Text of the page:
For every minute in the show ring, there are hours and hours spent back in the barn.
Two fairs...lots and lots of barn time.
I think every show box is equipped with at least one deck of cards.
Before you can move animals in, the pens must be prepared. Isaac is helping to build racks for the fans to keep the goats cool.
We don't have a camper any more, but we have friends that camp. Several nights we invaded the campground and invited ourselves to dinner.
The "camp kitchen" is off limits to all but a select few. On steak night, Isaac was allowed to flip the steaks.
But on Saturday night, Daniel was the cook. He brought out the smoker and filled it to the brim with 16 racks of ribs.
He has already been invited back for next year.
Showing cattle can involve a lot of yelling.
Getting ready for a show can be pretty stressful...and loud...so you have to yell louder than all the barn noise.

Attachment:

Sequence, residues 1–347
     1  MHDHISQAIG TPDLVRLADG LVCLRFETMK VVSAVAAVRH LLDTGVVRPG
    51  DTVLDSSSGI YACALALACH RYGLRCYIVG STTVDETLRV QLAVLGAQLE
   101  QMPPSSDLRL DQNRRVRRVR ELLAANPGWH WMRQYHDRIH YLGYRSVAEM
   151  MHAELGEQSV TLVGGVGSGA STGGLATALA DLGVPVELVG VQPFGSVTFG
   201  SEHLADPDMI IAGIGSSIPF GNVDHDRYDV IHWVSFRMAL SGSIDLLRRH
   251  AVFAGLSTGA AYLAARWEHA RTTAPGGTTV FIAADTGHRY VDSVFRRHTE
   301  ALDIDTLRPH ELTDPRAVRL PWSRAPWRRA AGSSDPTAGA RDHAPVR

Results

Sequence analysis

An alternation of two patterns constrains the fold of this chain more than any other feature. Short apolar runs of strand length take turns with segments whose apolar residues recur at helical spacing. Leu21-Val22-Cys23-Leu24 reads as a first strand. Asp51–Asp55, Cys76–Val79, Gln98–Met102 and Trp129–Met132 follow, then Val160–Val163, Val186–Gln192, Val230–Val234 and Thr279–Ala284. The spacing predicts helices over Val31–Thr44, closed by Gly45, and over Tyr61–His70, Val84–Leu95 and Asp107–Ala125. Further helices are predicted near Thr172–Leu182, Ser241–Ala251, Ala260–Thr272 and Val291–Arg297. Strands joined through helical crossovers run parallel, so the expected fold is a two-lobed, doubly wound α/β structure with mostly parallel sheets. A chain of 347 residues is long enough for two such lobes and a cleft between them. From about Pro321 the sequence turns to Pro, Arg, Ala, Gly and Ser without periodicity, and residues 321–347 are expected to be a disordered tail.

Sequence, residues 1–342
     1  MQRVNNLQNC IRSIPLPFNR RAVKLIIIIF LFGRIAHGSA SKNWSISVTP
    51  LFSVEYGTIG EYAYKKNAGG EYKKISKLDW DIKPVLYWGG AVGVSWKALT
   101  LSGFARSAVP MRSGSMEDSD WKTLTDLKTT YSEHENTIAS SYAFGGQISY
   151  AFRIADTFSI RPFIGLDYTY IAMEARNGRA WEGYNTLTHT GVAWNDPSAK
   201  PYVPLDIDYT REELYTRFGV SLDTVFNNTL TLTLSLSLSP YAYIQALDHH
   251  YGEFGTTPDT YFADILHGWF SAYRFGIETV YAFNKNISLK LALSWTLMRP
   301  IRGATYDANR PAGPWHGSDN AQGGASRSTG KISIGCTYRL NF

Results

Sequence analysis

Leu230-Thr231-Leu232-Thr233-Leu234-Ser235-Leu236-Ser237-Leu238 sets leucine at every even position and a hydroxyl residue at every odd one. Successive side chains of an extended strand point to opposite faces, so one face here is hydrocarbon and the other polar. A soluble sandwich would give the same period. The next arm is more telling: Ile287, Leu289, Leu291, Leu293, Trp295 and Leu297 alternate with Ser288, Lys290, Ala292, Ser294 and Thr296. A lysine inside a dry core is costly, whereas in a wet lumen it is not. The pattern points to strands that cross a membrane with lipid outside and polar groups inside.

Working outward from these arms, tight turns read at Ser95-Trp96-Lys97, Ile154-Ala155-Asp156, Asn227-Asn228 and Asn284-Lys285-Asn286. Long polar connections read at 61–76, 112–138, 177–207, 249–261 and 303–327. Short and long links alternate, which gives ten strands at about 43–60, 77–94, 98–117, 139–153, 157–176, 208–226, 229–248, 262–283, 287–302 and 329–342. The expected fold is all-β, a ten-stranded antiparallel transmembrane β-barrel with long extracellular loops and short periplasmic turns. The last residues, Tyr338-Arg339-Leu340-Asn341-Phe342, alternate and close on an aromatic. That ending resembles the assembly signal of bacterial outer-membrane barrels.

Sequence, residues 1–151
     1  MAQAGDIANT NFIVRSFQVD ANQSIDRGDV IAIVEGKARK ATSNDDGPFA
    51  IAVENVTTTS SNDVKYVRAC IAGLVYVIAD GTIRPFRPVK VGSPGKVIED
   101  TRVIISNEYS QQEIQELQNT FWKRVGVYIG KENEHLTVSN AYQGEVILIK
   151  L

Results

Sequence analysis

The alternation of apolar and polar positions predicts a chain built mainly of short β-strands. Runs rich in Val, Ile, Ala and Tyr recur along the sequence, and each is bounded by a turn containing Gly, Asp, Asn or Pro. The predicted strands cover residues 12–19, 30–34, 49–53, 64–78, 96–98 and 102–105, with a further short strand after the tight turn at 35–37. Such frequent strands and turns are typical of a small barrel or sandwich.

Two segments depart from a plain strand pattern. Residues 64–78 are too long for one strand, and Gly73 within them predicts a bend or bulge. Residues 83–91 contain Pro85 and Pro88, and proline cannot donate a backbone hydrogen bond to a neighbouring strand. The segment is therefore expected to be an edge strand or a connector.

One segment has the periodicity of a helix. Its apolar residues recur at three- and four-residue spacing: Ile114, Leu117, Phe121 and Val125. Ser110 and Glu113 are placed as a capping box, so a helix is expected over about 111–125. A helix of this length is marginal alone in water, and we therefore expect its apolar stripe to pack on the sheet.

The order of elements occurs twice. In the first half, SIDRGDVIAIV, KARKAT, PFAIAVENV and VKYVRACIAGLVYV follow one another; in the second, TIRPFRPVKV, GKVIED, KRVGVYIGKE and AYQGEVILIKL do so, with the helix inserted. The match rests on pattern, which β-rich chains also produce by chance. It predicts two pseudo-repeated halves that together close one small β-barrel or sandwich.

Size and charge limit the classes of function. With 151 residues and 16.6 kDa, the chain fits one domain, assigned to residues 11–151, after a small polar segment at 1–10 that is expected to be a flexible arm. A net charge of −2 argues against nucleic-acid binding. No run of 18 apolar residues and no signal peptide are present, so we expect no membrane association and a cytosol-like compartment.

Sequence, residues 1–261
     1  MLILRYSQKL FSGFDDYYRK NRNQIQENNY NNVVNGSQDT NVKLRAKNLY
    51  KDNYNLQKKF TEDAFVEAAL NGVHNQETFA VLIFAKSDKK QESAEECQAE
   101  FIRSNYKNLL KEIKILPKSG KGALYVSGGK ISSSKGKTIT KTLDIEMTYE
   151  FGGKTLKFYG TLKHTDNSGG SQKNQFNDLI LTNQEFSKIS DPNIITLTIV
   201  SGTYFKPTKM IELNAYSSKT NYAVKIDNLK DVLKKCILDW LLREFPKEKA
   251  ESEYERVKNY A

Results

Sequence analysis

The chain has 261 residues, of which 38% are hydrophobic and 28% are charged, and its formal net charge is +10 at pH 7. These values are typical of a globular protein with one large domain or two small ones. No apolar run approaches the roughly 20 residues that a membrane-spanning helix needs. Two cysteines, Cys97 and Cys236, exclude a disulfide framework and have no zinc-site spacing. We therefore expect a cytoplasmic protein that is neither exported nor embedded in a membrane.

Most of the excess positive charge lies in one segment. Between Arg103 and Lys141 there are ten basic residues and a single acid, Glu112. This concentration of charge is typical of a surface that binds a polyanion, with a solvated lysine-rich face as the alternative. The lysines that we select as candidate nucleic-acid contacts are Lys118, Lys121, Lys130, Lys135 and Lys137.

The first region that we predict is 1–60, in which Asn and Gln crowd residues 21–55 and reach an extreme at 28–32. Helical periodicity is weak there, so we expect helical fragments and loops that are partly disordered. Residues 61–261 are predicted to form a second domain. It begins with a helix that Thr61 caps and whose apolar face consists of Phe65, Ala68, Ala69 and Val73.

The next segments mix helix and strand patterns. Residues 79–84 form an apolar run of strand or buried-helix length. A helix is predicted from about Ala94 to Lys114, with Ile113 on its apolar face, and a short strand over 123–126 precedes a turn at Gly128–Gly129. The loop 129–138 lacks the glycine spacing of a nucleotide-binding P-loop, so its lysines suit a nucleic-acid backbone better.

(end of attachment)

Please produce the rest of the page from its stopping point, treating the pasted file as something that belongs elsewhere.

Sometimes the yelling is volume...and sometimes it is pure stress and frustration...
But at the end of the day...they still love each other.
And when the showing is all done...we get to have a little fun.
The beef barn...and some others...went down to the rodeo.
And the clown made friends with some of our friends.
Behind the scenes of the live TV shoot, Romance got to meet a service dog.
It was pretty adorable.
This is how we all felt...every single day.
This is one tired kid...
But don't worry...he was not allowed to get anywhere near his bed with those dirty knees!
And just so you don't think that everything goes as planned and we just sit back and have fun...
This is what greeted us at home the night we moved equipment into the fair.
Yep...the feed delivery truck took out the electric pole...
On one of the hottest days of the year...
With a barn full of really, really hot animals and no electricity to run the fans.
The pole needed to be replaced...just not the day before fair. But, we now have a nice new pole...that is a lot higher...so it won't ever happen again.
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Hello! I am Heather... the city girl turned mom to manure loving country boys. My husband and I both grew up in the city, but spent weekends visiting grandparents in the country. We are first generation farmers who learn best by almost always doing things the hard way. I hope you enjoy following along with our adventures down on the farm.